Welcome to Science Court!

Photo of the 2018 Science Court trial showing a student attorney from the con team questioning a witness in front of judge, jury, instructors and audience

Welcome to Science Court!

Science Court is a project designed to combat polarization in American society and strengthen democracy. It is run as an interdisciplinary course in the University of Minnesota Honors Program involving students from across the university. The students select a controversial issue and spend an entire semester studying it in depth to determine the facts (based on sound scientific research) and then argue it in a mock trial in front of a jury of citizens with a mix of views and backgrounds. The public is engaged through compelling audio, video and online content generated by the students about the preparations, trial and verdict. The trial is free and open to the public.

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Watch talk by Prof. Ellad Tadmor on Science Court given as part of the College of Science and Engineering (CSE) Curiosity Drives Progress Lecture Series


Logo of MPR News with Kerri Miller show

Listen to an interview with Kerri Miller on MPR News discussing Science Court with Prof. Ellad Tadmor and student Like Diamond.

Picture of a large hall full of desks with students taking a test

The 2022 Science Court case is

Grading practices at the University of Minnesota can lead to bias, stress, and disincentivize learning, new innovative student assessment methods should be adopted

This year's Science Court is in partnership with the University of Minnesota (UMN) Student Senate. This topic is inspired by a Student Senate resolution, approved on December 3, 2020, requesting an extension of the UMN policy allowing students to opt for S/N grading (Satisfactory/Not satisfactory) in any course due to the COVID-19 pandemic. The Science Court case generalizes this to a full reevaluation of how students are assessed at UMN. This is timely considering increasing concerns regarding student mental health, the increased emphasis on student diversity and equity, changes in how students learn due to the technological environment, the increase in scholastic dishonesty facilitated by the internet and social media, and the rise of remote learning.
Science Court will consider student assessment holistically exploring what is known from scientific research in domains of knowledge informing this topic and propose two main strategies, Refine versus Reform, for the Student Senate to consider.

  • The "Reform" (pro) approach proposes to replace the current UMN system with alternative methods for grading and student assessment proposed in the literature and tested at other institutions.
  • The “Refine” (con) approach will argue to largely retain the current UMN grading system with modifications aimed at addressing its limitations based on research findings.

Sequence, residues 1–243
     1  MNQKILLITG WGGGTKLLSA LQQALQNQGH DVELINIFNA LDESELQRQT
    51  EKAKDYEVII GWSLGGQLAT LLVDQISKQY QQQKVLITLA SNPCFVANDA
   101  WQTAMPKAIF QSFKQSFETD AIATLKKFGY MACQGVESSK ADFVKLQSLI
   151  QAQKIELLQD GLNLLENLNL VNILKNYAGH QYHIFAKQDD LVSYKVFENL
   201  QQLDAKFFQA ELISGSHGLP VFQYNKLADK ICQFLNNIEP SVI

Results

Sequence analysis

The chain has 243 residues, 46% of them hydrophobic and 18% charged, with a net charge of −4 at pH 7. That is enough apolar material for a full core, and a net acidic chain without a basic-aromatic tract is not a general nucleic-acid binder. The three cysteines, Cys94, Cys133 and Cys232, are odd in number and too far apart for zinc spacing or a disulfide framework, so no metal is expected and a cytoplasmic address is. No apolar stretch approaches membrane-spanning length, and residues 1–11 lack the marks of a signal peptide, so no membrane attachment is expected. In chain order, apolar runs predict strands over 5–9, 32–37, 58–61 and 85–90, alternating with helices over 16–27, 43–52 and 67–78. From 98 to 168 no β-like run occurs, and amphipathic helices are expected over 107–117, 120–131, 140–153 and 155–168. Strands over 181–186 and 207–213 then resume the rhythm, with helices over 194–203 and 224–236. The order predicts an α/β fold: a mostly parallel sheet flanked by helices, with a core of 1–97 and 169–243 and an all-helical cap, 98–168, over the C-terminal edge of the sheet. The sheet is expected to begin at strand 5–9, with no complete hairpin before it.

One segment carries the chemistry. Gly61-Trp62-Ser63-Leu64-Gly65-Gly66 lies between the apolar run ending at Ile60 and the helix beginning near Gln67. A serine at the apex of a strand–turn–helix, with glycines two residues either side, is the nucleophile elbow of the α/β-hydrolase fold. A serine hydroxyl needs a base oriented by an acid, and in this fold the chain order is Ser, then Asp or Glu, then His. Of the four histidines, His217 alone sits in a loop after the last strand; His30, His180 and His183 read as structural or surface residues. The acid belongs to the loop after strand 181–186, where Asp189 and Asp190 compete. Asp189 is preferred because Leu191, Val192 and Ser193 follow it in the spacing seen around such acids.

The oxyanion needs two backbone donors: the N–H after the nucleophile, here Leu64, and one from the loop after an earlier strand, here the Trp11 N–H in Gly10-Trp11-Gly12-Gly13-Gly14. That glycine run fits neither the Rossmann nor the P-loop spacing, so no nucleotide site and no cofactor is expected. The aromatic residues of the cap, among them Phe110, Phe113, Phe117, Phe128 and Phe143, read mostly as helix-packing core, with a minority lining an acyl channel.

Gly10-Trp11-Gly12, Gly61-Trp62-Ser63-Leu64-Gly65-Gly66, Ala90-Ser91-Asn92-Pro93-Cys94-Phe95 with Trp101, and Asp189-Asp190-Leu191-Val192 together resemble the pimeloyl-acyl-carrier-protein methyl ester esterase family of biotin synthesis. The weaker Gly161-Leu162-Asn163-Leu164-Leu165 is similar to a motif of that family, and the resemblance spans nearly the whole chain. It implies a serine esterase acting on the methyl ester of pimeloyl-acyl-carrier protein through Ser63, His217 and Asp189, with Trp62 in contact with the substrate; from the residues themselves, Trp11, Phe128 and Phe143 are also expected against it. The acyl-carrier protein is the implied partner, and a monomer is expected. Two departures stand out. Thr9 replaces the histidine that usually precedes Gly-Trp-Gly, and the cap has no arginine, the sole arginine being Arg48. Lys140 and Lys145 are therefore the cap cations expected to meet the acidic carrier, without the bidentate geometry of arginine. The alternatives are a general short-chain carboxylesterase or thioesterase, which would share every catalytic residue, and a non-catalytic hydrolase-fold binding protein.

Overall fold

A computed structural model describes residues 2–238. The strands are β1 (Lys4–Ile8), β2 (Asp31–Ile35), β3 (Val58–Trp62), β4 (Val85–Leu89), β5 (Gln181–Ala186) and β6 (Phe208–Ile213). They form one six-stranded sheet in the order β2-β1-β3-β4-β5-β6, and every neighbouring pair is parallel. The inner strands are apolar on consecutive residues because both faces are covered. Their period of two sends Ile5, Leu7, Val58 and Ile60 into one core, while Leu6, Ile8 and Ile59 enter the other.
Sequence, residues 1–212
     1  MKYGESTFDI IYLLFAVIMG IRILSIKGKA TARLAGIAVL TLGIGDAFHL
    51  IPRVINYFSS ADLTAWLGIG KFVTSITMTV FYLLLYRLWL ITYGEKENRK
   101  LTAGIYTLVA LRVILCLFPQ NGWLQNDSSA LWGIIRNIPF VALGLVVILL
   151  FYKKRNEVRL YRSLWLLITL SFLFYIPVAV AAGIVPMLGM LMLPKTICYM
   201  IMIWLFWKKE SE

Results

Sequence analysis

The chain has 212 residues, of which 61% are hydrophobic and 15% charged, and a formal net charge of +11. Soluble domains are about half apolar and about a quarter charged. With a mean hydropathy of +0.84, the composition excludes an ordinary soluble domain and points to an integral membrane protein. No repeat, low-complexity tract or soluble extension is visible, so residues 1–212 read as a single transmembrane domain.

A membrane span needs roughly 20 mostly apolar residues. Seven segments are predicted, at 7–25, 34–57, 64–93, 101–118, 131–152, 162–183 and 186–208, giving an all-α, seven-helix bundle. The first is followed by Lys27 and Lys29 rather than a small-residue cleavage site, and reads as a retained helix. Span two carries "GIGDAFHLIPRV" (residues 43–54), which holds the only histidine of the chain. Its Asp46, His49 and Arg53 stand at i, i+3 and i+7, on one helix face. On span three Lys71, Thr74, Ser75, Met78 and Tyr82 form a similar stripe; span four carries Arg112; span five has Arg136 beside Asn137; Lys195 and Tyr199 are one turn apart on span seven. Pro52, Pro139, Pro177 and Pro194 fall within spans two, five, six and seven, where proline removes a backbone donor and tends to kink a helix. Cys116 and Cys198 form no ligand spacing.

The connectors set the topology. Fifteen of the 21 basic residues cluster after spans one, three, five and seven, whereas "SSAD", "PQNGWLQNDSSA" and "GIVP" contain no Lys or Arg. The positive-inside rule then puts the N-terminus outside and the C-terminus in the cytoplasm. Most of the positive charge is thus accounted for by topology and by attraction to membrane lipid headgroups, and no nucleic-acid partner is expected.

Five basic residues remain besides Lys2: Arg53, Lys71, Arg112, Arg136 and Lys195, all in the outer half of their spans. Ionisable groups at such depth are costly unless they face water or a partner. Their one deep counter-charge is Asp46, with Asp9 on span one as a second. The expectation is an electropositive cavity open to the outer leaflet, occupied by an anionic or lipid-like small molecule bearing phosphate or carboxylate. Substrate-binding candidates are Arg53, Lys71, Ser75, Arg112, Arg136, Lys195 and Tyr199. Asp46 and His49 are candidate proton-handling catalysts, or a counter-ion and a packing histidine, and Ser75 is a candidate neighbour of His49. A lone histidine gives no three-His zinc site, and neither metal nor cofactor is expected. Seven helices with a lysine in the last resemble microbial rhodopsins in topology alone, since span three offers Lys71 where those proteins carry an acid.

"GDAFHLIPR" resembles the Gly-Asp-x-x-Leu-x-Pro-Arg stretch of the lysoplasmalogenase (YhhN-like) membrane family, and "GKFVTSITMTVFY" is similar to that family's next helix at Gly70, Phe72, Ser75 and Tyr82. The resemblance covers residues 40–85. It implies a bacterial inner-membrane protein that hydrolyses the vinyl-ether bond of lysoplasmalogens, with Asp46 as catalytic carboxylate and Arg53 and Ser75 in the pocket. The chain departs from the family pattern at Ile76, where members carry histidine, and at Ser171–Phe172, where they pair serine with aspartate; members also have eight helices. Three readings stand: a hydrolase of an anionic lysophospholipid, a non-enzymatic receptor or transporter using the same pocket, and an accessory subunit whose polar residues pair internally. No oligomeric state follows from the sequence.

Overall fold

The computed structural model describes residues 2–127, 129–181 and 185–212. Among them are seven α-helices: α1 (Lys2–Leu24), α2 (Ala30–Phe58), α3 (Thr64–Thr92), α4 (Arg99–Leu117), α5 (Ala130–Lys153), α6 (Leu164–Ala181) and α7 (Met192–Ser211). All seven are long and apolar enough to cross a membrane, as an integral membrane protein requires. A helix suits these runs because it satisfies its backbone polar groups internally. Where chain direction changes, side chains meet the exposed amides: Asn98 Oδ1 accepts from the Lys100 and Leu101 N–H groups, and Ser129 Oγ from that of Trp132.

Stay tuned or follow us on twitter or join the Science Court mailing list to be kept informed.

Fill in the following poll and tell us what you think about the case.


Curious About How the Trial Runs?

The 2022 Science Court trial on whether the current grading system at the U should be refined or reformed will take place on Saturday, April 23. If you’re new to the Science Court system, you may be wondering what does the trial involve? Is it like a normal jury trial? How long does it last? Here’s what jurors – and any general public who chooses to attend – can expect from a Science Court trial. 


We’ll start at 9AM with a brief background on the principles behind Science Court and the introduction to the case from Professor Ellad Tadmor. We’ll then hold a series of sessions, where the science team will present information about specific  topics pertaining to the case, before being questioned by the legal team. The two legal teams will hold a rebuttal session before we open up for jury questions. Finally, we’ll hold closing arguments, the jury will deliberate and announce the verdict the next day. 

2019 Jury

The 2019 Jury

What We Learned from Four Grading Experts Who Visited SciCourt

We heard  the opinions of several expert witnesses this week. First, Prof. Nathan Kuncel (Psychology) discussed research that reviews the purposes of higher education. Prof. Sue Wick (Biological Sciences) then discussed some of the limitations to the University of Minnesota’s current grading system from a mental health standpoint. Vice Provost and Dean of Undergraduate Education Robert McMaster outlined some of the rationale for the current grading system and potential barriers to implementing a change. Lastly, Prof. Michael Rodriguez (Educational Psychology) shared a perspective on possible systematic issues with the current grading system.

To Prof. Nathan Kuncel, We Must First Discuss the Purposes of Education

Professor Kuncel outlined the different perspectives on why students work towards undergraduate degrees:

Meet Our Science, Legal, and Media Teams

To best utilize our diverse skill sets, we have divided the Science Court Class into three teams: science, legal, and media. The science team will be mainly responsible for conducting research on important domains that pertain to our topic. The legal team will use this information and be further divided into two subteams to formulate opposing arguments about grades.The media team will keep you updated on all of these processes along the way. 

Media Team
The Science Team: Ethan Robertson, Andrew Duran, Claire Lister, Daniel Miao, Jacob Wieland, Jaxon Hill, Manashri Bhor, Rachel Schulz, Roj Cosiquien​​​​​